Thanksgiving, the most obvious time of year to have a theme on gratitude. I’ve had an interesting relationship with gratitude. I’ve read what many experts have written about the power of gratitude and how it is like a magic wand that brings more things in our life to be grateful for. Although there are times I have felt a feeling of gratitude, I have also experienced times in my life where frustrations and pain felt so deep that trying to be grateful, even for the little things, felt fake.
The day before Thanksgiving, I got a phone call at midnight that my dad was in the hospital and they didn’t know what happened. It took a few frustrating days to sort things out because of the holiday, but eventually we found out that he had another stroke. A lot of trauma came up for me remembering the first stroke 9 years prior. Since it was Thanksgiving and gratitude was forefront in my mind, I remember focusing on what I could be grateful for. I was grateful that someone found him, grateful that he was in a hospital with great care, and grateful for a new path moving forward.
I remember tears in my eyes when I would share this in my classes. That in the times when I couldn’t feel grateful, when I didn’t know what to think or what to feel, I knew that deepening my breath would create cortical thickening and help balance my emotions. (see that blog here)
For some, this upcoming time of year will have added motivation to hit our workouts hard, to offset the stress or holiday treats we experience. For some, the overwhelm of commitments and temptations of social occasion can seriously derail our body positivity and fitness goals.
How can we apply this practice of gratitude through the ups and downs and overwhelms of the holiday season?
Here’s a quote from Author and Mentor, Petra Kolber, from her recent book The Perfection Detox, “As you bump around in your emotions, the key is to keep returning over and over to a place that allows you to seek the good. You will bounce back and forth between a positive headspace and the more negative emotions, but the more you make an effort to focus on the good, the easier the practice will become.” My interpretation of this quotes is that the goal is not always to be grateful, but the goal is to be able to quickly bounce back into a positive headspace. We could feel grateful for just that, or being back in a more positive mindset can make it easier to find things to be grateful for.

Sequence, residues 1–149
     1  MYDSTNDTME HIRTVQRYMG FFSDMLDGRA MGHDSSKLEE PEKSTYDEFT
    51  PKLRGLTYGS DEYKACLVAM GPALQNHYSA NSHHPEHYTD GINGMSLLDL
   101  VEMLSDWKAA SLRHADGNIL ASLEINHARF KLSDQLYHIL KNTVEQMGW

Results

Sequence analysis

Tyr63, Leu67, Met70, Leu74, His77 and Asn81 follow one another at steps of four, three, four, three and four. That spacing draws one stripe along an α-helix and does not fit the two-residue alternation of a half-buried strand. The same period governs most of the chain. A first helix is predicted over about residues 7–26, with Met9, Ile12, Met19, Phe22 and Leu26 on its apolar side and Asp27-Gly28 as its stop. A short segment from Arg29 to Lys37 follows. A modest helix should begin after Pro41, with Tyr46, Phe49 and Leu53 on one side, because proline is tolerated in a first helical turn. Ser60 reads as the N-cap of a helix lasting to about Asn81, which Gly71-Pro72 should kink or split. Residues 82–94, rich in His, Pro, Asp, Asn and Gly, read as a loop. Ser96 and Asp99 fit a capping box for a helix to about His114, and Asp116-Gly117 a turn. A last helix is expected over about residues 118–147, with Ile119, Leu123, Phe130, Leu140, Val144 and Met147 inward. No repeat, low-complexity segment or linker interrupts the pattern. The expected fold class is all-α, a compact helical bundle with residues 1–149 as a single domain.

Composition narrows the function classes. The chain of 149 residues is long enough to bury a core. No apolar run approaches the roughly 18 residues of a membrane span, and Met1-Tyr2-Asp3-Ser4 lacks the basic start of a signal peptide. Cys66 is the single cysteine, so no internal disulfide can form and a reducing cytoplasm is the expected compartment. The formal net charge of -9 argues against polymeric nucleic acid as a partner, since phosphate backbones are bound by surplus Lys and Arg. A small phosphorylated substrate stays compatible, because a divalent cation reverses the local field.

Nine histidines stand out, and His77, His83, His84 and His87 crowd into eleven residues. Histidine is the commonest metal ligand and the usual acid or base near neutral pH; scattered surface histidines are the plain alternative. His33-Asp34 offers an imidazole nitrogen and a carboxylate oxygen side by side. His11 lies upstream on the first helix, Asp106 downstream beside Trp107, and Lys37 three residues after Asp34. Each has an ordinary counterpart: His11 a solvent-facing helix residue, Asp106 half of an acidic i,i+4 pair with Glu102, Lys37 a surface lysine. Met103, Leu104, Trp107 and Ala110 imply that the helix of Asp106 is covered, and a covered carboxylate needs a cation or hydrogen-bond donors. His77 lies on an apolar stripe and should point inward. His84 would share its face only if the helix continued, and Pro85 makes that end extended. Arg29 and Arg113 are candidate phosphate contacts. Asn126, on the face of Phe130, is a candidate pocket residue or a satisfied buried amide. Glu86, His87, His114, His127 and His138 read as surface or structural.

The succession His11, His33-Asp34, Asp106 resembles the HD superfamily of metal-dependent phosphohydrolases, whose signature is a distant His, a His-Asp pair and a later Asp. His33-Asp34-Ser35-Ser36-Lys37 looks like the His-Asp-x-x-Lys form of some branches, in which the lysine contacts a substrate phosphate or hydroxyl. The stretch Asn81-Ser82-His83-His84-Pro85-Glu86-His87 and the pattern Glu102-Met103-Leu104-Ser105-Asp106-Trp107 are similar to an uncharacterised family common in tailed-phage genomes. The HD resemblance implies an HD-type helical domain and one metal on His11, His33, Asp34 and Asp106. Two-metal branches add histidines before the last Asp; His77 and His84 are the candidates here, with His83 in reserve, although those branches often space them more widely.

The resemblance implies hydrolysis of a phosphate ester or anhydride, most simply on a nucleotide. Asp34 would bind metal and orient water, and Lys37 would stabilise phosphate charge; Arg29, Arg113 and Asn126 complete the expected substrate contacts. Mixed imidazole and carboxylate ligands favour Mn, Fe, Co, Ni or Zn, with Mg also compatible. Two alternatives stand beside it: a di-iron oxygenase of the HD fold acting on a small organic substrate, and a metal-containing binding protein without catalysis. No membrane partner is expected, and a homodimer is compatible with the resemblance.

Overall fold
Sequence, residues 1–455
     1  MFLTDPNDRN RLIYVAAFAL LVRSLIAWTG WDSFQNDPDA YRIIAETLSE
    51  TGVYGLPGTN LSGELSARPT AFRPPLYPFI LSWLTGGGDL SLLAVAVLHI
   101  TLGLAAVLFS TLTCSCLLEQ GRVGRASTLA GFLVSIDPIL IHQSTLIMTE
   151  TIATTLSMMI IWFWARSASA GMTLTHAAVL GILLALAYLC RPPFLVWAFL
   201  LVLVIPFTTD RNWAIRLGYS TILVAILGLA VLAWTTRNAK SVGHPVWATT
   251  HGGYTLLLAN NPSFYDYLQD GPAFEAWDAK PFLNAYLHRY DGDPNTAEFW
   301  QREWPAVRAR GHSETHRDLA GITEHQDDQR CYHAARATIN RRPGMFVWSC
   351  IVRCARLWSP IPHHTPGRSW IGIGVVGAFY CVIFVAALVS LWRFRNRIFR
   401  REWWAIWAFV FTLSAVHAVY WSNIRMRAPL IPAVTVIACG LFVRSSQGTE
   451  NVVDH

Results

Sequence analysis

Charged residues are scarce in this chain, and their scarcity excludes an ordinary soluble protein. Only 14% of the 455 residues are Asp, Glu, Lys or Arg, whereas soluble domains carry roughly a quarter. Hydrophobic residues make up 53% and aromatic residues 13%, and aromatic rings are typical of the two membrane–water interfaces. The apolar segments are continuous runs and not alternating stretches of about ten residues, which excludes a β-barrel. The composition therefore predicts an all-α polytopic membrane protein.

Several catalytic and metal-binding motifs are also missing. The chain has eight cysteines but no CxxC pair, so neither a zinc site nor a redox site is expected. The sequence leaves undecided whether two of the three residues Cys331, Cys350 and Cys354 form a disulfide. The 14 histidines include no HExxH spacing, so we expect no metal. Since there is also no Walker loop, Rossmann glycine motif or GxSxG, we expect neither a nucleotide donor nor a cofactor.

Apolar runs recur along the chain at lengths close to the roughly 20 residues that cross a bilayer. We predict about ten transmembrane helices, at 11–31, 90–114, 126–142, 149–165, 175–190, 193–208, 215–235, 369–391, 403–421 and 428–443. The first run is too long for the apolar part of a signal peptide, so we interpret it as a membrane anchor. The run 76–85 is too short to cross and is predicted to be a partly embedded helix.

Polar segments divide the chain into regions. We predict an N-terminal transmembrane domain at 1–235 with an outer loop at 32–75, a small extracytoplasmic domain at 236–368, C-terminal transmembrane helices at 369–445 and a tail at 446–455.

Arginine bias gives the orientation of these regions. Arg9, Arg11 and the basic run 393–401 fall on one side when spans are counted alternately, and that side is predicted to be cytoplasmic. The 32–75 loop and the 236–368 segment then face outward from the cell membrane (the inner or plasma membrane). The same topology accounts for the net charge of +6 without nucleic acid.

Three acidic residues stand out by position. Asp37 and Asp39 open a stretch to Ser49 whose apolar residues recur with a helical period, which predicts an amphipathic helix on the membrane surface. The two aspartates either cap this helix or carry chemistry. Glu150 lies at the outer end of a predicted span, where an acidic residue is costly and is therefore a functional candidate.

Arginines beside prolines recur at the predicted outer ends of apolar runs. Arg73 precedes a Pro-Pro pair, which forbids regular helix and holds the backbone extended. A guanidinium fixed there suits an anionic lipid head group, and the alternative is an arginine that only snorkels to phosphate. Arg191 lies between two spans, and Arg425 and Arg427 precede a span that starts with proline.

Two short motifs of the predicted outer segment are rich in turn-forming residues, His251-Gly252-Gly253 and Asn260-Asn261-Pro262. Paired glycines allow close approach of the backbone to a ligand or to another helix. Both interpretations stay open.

So how does this relate to our workouts?
Get more out of what you’re doing. If you’re experiencing added social or family stress this time of year, as well as excessive holiday cuisine, Get more out of what you ARE doing. Take the High Intensity class or up your weights in what you’re doing. The energy expenditure and metabolic effort will both offset the mental stress and added calories. The more difficult it feels, the more opportunities you have to be grateful for what you’re doing.
But what if I just can’t, I feel overwhelmed, I don’t have the mental capacity to focus and my body is drained?
What is small enough that you believe is achievable for you? If you can’t prioritize your regular 6:30pm class, can you make it to the gym for 15 or 20 minutes on the treadmill at 7, or attend the 15 minutes abs class at lunch? Could you do your online shopping while on a treadmill or elliptical, or take that phone meeting while walking around your living room? Get off the train a stop early and walk, or take the stairs. Do a 1 minute plank at home before you take your shower. Even though it’s not the biggest workout bring yourself into a positive headspace that you’re training a positive behavior. You can feel gratitude that your body can do something wonderful. Some extra walking, some stair climbing, even just a few sets of squats. Something is better than nothing. That’s something to be grateful for, isn’t it?
Next blog we will focus on what’s next, New Years resolutions, and I’ll share a bit more about how this has ebbed and flowed for me.
For the next week, or 2, or month, how can you increase your focus on gratitude, or as Petra calls it, becoming a ‘Benefit Seeker.’?
No matter how impossible your workout feels, become a benefit seeker about what you CAN do. Use that as a mirror for what you can focus on to be grateful for in other areas of your life this holiday season.